PostED ON OCTOBER 8 AT 1:50 PM
Alice Rohrwacher is Italian, and a filmmaker; a double identity she relentlessly asserts in her movies. From Italy, she retains an earthiness in the physical sense. From the cinema, she cultivates the great traditions of her film fathers: Fellini, De Sica, Olmi, Pasolini, Bellocchio, Rosi, Bertolucci, Risi... She keeps them intact and renewed at the same time. In three works with fabulous titles: Corpo Celeste (2011), The Wonders (Le meraviglie, 2014), and Happy as Lazzaro (Lazzaro felice, 2018), the young director puts forth films of communities that are at once political and poetic… and uniquely hers!
Collection Institut Lumière - Jean-Luc Mège Photography
Rohrwacher is perfectly aware of the significance of living in Italy, the land of legendary cinematographic regions. While Marco Bellocchio chooses Emilia Romagna to portray its modest people, Ermanno Olmi places his characters on the banks of the Po River, and Federico Fellini features the streets of Rome, Rohrwacher places her subjects in Calabria for Corpo Celeste, in Umbria for The Wonders and in Lombardy for Happy as Lazzaro, territories linked by the atavism typical of her country.
In this context, she films the clergy of Corpo Celeste. Like Bellocchio, fascinated by the psychoanalytical methods and miraculous workings of the link between Italy and Catholicism, Rohrwacher questions religious roots without partisan judgment. She takes advantage of her era, where a filmmaker can perhaps finally ask the question, calmly: “Today, why still be a believer in something that subscribes to a dogma?”
Rohrwacher is in search of how we live the life of tomorrow. Akin to Bellocchio, who often conjures strange and prodigious effects in his films, Rohrwacher uses what the cinema allows: a recourse to the real fantastic. From this vantage point, Lazzaro, an amiable young man, dies, and comes back to life a few decades later, unchanged. After all, everything must be possible for those who are humanly irreducible, such as the adventurous characters dear to Vittorio De Sica in Miracle in Milan. Creative, the filmmaker imagines mystifying appearances that are deliberately out of tune, with incongruous and uncomfortable irruptions, influenced by the triviality of television, which so enchanted Fellini. Case in point, Monica Bellucci in The Wonders appears as a plastic goddess. Bellucci plays a media icon who influences Gelsomina (the same name as the protagonist of Fellini’s La Strada), the teenager of the film, like some adulterated fairy from a Disney movie. Everything is possible in cinema, true, and everything can enter the frame; she once again takes Fellini’s lead, who imagined improbable cohabitations. So, when the irascible father of The Wonders suddenly becomes friendly with a camel installed in the middle of the family farm, delighting his daughters, it is pure bliss!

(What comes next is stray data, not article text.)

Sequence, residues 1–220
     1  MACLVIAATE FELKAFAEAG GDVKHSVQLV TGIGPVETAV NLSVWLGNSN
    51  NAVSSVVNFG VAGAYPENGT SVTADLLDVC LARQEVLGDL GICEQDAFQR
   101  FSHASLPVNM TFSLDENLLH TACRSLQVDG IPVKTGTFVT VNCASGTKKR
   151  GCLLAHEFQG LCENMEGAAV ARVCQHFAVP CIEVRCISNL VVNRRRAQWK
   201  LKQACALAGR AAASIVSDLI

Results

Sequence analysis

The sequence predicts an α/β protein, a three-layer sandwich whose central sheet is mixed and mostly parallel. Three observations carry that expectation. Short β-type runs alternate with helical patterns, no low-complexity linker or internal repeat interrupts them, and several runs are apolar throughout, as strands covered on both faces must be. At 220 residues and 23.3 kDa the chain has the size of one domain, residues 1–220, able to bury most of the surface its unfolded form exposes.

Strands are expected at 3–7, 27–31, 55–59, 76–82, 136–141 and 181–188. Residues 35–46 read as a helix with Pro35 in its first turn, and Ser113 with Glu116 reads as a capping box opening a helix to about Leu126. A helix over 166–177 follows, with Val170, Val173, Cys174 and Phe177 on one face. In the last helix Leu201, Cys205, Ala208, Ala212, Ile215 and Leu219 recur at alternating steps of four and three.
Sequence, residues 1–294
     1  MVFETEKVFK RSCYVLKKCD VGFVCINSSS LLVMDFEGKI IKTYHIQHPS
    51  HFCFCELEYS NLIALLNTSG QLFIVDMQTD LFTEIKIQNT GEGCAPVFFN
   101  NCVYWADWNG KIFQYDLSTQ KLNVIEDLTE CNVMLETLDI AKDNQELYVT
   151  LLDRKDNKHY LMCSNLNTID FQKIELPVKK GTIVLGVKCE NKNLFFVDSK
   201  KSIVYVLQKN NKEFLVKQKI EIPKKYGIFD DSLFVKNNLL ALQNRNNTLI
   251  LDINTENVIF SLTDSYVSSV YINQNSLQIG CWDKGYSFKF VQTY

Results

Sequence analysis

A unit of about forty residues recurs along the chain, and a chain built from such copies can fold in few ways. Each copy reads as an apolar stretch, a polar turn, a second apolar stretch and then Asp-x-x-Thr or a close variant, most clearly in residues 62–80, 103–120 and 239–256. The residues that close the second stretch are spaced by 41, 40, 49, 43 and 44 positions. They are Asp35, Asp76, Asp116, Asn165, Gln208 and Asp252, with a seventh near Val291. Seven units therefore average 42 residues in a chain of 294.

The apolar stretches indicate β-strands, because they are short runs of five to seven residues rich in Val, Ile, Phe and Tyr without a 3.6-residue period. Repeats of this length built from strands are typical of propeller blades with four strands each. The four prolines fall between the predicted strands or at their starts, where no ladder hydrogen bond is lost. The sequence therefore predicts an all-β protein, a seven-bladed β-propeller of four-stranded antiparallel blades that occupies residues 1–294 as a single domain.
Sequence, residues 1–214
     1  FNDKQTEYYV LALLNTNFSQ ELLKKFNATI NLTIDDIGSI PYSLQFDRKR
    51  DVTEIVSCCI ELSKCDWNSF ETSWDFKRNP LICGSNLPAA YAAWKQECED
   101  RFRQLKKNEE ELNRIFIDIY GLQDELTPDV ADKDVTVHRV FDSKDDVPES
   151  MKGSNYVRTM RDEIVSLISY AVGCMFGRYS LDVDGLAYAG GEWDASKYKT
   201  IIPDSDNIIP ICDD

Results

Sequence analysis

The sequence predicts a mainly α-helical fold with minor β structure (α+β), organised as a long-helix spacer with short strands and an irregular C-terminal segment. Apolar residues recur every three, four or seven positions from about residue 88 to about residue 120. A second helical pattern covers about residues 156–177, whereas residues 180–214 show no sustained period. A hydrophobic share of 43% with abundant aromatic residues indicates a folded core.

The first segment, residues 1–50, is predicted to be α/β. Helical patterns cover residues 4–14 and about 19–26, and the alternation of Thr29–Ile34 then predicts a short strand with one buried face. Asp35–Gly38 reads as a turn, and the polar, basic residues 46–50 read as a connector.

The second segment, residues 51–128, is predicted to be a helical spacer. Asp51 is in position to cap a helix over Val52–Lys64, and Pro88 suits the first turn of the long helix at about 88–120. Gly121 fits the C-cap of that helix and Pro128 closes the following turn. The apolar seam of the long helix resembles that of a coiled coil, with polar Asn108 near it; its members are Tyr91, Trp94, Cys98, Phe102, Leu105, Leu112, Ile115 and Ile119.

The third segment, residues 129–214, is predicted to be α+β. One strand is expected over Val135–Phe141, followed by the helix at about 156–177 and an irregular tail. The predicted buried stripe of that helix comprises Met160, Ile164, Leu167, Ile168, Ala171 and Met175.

Behind this poetic parade emanating from Rohrwacher's films, a powerful discourse finally shines through: the exploitation between social classes in rural areas, and the homelessness of cities. Devoid of cynicism or irony, Rohrwacher explores the question that the likes of Risi, Pasolini, Elio Petri or Bertolucci asked themselves before her, “What does it mean to live in Italy today?” Lazzaro, Gelsomina, and Marta respond, with fresh perspectives. Instinctive and spiritual, they welcome, without suspicion, their manners of living on the margins of society, which is perfectly egalitarian in their eyes. This sort of ancient wisdom in young characters that do not allow themselves to be dominated by social disparities, is their way of combating them, which makes Alice Rohrwacher a thoroughly modern Italian filmmaker.
Meet Alice Rohrwacher on Tuesday, October 13 at the Comédie Odéon at 3pm
She will introduce also
Happy as Lazzaro on Sunday, October 11 at Cinéma Comœdia at 2:45 pm
Corpo celeste on Sunday, October 11 at Lumière Terreaux at 8:15 pm and on Monday, October 12 at Cinéma Opéra at 8:15 pm
The Wonders on Monday, October 12 at the Institut Lumière at 5:45 pm and on Tuesday, October 13 at Pathé Bellecour at 5:45 pm